What I do is after the seiten is made but before it is cooked I kneed spices into it and let it sit for at least a day before I use it.

I make mine is bulk to freeze for later, I dunno if you are useing seiten mixes or what though , I make mine fully from scratch so that may have an effect on seasoning
 

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We used seitan for the first time the other day in our old General Tso recipe, substituting the seitan directly for the chicken and handling it the same way.

I bought "chicken style" seitan that apparently had seasoning in it already, discarded the liquid it was in, and cut the seitan into bite sized pieces, soaked in our soy etc, coated in cornstarch, chilled, coated again, and ended up frying in peanut oil.

The end result was identical in texture and all other ingredients performed the same, but there was a weird aftertaste to the seitan. Is this normal for it, or did I choose the wrong "flavor" perhaps? We were disappointed and I was going to try TVP or tofu next (but I'm a novice at all of this). If I had something with basically no flavor I think it would work better.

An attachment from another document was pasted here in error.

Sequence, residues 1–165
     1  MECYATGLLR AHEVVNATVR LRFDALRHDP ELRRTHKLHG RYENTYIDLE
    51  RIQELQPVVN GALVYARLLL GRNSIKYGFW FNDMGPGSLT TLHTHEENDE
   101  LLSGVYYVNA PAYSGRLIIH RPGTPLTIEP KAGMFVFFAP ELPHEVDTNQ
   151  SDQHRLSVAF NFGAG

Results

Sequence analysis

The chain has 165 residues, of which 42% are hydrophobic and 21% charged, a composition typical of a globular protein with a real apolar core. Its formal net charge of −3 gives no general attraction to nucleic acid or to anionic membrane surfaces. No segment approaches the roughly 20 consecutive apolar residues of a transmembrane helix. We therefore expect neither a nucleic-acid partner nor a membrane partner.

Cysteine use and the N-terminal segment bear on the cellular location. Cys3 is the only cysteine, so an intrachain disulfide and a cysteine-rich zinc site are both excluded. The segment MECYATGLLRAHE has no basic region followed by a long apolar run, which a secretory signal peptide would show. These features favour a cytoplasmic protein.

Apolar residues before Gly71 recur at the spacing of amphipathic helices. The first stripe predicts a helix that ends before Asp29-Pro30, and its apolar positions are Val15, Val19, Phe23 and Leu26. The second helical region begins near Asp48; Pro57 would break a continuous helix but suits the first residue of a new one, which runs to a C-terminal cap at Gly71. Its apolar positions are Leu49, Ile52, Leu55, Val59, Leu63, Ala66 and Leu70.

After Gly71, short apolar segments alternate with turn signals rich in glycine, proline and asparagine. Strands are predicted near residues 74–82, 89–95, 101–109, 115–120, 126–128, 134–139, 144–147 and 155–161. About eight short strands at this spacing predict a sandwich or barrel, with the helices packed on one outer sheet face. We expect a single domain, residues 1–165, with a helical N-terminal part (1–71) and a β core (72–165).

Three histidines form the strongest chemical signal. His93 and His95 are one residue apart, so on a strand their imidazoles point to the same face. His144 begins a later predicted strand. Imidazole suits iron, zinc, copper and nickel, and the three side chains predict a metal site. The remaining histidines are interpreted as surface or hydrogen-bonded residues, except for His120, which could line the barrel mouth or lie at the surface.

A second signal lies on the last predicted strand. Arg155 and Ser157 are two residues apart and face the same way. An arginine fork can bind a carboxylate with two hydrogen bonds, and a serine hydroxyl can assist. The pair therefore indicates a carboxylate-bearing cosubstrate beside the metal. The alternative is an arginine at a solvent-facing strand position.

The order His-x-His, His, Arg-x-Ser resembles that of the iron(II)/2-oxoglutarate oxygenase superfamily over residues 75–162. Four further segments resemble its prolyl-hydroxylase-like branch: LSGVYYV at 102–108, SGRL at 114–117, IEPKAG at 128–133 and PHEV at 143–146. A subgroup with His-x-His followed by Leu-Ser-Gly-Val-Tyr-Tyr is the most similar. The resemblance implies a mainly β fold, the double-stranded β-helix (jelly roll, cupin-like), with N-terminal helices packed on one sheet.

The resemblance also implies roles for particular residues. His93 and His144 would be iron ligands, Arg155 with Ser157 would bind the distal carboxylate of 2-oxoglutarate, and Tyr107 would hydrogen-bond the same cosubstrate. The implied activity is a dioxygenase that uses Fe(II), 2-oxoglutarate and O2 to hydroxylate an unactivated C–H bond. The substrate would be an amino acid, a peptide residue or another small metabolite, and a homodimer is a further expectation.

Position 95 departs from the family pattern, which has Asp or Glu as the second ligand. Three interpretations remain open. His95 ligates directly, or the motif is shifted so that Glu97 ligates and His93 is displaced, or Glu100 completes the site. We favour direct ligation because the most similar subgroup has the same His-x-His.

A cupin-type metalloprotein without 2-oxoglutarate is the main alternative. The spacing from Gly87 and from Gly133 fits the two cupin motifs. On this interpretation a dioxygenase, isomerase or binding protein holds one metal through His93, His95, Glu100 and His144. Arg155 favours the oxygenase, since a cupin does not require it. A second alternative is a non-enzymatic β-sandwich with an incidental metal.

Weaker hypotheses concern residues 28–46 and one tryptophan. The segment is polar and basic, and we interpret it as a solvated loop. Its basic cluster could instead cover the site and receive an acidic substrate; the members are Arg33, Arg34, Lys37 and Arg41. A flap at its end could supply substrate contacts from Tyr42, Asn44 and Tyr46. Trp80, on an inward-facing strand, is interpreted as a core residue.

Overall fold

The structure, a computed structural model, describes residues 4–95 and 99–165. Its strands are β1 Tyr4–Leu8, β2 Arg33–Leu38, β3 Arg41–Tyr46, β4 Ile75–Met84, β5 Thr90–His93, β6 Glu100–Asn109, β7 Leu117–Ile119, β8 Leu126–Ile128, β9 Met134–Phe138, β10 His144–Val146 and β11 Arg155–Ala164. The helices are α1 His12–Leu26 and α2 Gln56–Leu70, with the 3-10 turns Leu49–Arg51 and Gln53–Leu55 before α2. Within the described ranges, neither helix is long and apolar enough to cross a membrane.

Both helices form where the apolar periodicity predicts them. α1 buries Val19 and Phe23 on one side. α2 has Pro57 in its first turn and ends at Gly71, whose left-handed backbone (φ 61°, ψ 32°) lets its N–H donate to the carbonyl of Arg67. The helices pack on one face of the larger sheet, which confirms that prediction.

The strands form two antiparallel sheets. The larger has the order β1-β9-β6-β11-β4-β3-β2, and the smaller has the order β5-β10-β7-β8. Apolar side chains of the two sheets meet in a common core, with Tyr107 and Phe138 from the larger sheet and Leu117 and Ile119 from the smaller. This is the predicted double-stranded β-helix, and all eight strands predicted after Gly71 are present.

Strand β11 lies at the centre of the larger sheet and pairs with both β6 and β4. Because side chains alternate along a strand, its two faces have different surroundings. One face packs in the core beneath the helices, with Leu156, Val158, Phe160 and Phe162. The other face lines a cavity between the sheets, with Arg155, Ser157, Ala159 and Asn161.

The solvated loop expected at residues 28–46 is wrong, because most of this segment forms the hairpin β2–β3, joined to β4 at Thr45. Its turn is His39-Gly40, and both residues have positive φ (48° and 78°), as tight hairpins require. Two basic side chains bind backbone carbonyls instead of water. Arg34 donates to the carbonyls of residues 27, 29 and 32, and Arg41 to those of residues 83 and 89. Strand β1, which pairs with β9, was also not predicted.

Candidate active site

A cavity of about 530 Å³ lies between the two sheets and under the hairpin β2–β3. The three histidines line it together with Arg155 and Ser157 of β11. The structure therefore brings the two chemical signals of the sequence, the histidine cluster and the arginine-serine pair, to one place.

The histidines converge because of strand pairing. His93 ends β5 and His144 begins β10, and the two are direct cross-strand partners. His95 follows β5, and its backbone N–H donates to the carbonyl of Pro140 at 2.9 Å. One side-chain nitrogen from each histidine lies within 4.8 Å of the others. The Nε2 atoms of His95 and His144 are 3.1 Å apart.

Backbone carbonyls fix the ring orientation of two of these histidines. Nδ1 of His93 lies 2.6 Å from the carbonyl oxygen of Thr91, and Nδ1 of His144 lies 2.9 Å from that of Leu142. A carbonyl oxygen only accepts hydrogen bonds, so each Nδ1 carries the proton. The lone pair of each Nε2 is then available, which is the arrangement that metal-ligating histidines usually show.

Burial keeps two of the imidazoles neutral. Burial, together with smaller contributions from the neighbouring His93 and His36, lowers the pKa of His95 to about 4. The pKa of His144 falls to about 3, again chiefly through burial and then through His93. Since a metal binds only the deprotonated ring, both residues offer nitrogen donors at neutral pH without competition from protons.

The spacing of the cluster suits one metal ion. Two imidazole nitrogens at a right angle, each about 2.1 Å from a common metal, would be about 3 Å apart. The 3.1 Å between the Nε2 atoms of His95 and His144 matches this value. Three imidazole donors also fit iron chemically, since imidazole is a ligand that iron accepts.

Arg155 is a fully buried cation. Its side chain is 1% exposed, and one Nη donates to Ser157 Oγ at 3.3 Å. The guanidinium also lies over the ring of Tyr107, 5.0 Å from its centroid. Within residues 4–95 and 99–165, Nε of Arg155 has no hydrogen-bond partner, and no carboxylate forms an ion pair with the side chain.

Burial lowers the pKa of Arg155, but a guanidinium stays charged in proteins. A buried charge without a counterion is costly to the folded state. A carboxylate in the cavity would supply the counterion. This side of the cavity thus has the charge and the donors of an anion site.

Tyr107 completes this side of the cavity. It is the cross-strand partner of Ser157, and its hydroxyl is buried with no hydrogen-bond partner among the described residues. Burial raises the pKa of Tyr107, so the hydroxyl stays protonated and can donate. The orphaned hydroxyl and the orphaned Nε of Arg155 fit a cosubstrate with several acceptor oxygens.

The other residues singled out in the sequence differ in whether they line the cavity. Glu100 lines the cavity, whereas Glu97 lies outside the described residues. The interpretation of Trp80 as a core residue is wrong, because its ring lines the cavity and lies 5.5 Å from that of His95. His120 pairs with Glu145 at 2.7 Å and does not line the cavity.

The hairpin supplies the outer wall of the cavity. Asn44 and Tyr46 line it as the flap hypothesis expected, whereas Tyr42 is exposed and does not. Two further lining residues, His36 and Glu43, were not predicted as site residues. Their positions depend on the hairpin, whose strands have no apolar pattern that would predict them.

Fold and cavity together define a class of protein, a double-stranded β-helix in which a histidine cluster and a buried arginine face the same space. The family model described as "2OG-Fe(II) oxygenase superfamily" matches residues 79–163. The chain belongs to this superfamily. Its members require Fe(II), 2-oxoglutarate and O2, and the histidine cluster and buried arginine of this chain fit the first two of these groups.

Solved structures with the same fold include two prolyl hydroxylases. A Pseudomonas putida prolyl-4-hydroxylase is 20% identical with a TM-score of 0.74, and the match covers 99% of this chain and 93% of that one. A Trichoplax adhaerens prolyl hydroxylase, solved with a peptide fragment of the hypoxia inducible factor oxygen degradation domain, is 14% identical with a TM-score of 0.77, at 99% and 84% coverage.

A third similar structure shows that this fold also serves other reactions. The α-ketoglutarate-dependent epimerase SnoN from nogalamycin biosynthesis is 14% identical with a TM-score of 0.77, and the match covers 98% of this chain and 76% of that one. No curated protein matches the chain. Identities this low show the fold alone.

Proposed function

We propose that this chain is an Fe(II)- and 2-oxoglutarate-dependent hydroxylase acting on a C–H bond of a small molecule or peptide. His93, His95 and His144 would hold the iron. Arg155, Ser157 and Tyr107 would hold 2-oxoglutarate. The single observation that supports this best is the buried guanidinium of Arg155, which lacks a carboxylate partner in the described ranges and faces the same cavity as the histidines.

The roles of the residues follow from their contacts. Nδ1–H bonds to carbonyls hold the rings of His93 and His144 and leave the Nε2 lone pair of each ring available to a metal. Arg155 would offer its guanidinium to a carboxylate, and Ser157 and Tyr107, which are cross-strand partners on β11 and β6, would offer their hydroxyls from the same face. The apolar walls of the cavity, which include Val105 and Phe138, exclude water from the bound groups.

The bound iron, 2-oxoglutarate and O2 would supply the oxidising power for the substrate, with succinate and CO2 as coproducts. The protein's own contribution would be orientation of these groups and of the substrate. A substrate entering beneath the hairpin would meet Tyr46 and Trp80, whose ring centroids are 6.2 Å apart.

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Discussion Starter · #5 ·
Elena~ Yes, mine calls for boiling, for quite a while, in whatever flavor you want. I'm kind of intimidated to make it but I've been that way about all my vegan ventures so far. They have all turned out better than I thought.

Ayrlin~ Yes, my receipe is from scratch. That is why I liked it. While the ginger/garlic flavored Seitan is okay I would much rather make my own. I bought vegan beef and chicken flavoring. I plan on adding other spices as I learn more about how to cook vegan.